Page 0014

14 English Bridge August 2016 www.ebu.co.uk

I

am returning to the idea of odds and percentage

plays in this article. How might you play 4™ on

the following hand? The opponents cash the

first three diamonds before switching to a spade,

leaving you needing the remainder.

Well, you'd take the spade switch on table and

would almost certainly cash the ™K. Assuming

nothing interesting happened you'd play a heart up

to the ™A J and (if East followed small) play . . ?

This is where things get complicated. Let's see if

we can untangle them a little. If you were to

research 'Suit breaks' in a textbook or, these days, via

the internet you'd come across the following snippet

from a percentage table:

When missing four cards

Break Percentage

2 - 2 40%

3 - 1 50%

4 - 0 10%

Thus, in Hand 1 above, hearts are more likely to

split 3-1 than 2-2. Incidentally, this comes as a

surprise to the uninitiated, many of whom assume

that an even split is above 50%. If you really want to

know why the actual odds are as they are (and why

a 3-3 break is only a 36% chance when missing

six cards) I can only suggest that you consult a

qualified statistician. Best not to bother, though.

Trust me - I'm a maths teacher . . .

Back to the plot. You are playing 4™ and have to

bring in the trumps without loss. You cash the ™K

and play up to the ™A J. Should you finesse or play

for the drop? Looking at the percentage table above

you may feel that the odds favour the finesse; after

all, is a 3-1 break not more likely than a 2-2 break?

However, perversely, the drop is the better play. You

should play the ace in the hope that the queen falls

from West. It has to be said that the odds are close

between the finesse and drop, but playing for West

to have ™Q-x wins the day more often.

Why? Well, this simple hand is an excellent

illustration of how the play of a few cards alters the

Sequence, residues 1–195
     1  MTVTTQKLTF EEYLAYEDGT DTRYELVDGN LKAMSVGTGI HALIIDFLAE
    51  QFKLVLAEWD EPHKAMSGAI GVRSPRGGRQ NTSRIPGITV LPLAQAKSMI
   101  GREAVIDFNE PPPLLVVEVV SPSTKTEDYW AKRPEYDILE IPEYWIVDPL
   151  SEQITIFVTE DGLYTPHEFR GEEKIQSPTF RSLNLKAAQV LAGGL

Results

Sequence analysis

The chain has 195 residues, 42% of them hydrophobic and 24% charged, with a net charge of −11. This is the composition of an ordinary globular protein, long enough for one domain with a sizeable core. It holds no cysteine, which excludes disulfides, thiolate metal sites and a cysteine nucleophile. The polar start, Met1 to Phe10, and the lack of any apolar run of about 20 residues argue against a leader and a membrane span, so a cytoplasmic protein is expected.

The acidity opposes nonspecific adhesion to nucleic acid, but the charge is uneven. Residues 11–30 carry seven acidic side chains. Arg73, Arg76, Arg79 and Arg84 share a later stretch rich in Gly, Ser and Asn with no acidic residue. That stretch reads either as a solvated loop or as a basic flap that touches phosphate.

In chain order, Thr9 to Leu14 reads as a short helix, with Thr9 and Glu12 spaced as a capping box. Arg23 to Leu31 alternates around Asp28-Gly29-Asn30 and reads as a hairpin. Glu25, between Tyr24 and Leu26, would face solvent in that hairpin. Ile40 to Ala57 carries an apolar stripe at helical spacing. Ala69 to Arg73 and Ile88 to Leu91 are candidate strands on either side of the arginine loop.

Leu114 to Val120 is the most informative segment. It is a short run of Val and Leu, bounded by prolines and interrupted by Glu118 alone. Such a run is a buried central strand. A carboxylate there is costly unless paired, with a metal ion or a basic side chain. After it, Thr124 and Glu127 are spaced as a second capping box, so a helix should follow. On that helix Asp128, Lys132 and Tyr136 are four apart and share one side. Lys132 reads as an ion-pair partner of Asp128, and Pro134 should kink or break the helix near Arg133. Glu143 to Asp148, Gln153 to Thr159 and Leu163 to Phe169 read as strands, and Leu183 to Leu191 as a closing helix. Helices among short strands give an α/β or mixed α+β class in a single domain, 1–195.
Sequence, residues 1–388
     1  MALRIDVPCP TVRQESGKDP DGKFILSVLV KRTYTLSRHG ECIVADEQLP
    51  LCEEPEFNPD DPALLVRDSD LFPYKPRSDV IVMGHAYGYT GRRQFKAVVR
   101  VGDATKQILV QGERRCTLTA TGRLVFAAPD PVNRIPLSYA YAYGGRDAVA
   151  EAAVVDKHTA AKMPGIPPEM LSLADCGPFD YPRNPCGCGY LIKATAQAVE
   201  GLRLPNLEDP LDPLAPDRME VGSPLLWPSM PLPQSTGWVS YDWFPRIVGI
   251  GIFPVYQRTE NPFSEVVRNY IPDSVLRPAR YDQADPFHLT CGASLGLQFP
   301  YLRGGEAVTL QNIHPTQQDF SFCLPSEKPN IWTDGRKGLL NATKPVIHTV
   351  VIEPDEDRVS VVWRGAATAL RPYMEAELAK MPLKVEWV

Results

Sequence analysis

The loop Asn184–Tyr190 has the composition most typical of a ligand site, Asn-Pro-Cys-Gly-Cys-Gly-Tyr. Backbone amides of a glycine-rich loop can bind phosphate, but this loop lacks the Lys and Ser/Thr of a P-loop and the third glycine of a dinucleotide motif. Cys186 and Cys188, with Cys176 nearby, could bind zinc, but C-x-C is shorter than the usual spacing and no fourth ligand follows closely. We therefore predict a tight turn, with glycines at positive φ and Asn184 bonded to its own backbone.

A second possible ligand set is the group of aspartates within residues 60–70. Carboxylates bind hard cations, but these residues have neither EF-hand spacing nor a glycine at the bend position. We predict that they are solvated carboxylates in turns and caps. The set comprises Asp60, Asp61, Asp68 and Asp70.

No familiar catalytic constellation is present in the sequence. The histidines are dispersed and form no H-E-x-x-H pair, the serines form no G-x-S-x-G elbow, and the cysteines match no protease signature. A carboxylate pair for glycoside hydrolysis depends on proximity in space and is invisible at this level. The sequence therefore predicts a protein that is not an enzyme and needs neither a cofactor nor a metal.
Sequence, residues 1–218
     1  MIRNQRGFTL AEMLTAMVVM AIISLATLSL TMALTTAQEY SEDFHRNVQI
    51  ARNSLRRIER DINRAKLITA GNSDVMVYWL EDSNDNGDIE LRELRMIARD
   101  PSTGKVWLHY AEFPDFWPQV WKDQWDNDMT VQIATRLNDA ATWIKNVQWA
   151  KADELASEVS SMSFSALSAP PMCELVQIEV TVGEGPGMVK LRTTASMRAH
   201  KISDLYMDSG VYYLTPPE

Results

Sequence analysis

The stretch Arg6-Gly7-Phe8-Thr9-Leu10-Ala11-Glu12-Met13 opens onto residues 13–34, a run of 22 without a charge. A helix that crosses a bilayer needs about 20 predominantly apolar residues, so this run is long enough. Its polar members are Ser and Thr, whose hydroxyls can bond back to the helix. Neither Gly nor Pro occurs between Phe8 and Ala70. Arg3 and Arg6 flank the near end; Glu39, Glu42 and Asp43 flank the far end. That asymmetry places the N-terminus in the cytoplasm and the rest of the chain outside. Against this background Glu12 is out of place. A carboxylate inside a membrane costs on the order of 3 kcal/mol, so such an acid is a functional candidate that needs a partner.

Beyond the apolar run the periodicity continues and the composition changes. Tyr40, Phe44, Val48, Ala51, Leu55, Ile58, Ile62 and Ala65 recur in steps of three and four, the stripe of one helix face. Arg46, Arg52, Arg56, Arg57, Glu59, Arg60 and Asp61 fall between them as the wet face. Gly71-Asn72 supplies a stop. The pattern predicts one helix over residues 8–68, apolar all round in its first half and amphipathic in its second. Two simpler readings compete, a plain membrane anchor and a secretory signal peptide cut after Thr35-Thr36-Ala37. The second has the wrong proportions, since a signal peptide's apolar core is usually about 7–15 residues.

odds. When the ™K produces only small cards from

the opponents then the chances of a 4-0 break have

vanished. Also, all the 3-1 breaks where the queen is

singleton have gone as well. When you play a heart

towards the closed hand and East follows suit it is

no longer possible that hearts are 3-1 with West

having three. At this point it all comes down to the

two possibilities that East started with ™Q-x-x or

West started with ™Q-x, and the odds just favour

the latter.

Now, in practice, most players don't go through

mental gymnastics at this point. True, some go into

long-lasting consultation with the ceiling, probably

in an attempt to ratchet up the tension. Such players

usually know, though, that the odds favour playing

for the drop and are just wasting everybody's time.

Many players remember the odds in this situation

via the old adage Eight Ever, Nine Never meaning

that you should finesse against the queen with a

combined holding of eight cards and play for the

drop with a combined holding of nine cards. As

with most adages in bridge, this one should be taken

with a pinch of salt. It has a sound basis but is not

an inviolable law.

Weaken the trump suit a little, to Hand 2, and we

are back to last edition's article.

Hand 1. South plays 4™

West leads tA

´ A Q

™ K 7 5 2

t 10 6 4

® A Q 9 2

´ K J 8

™ A J 6 4 3

t J 9 8

® K 10

N

W E

S

Playing the odds - Part 2

by Paul Bowyer

Basic Cardplay

Basic Cardplay

click

link

Index

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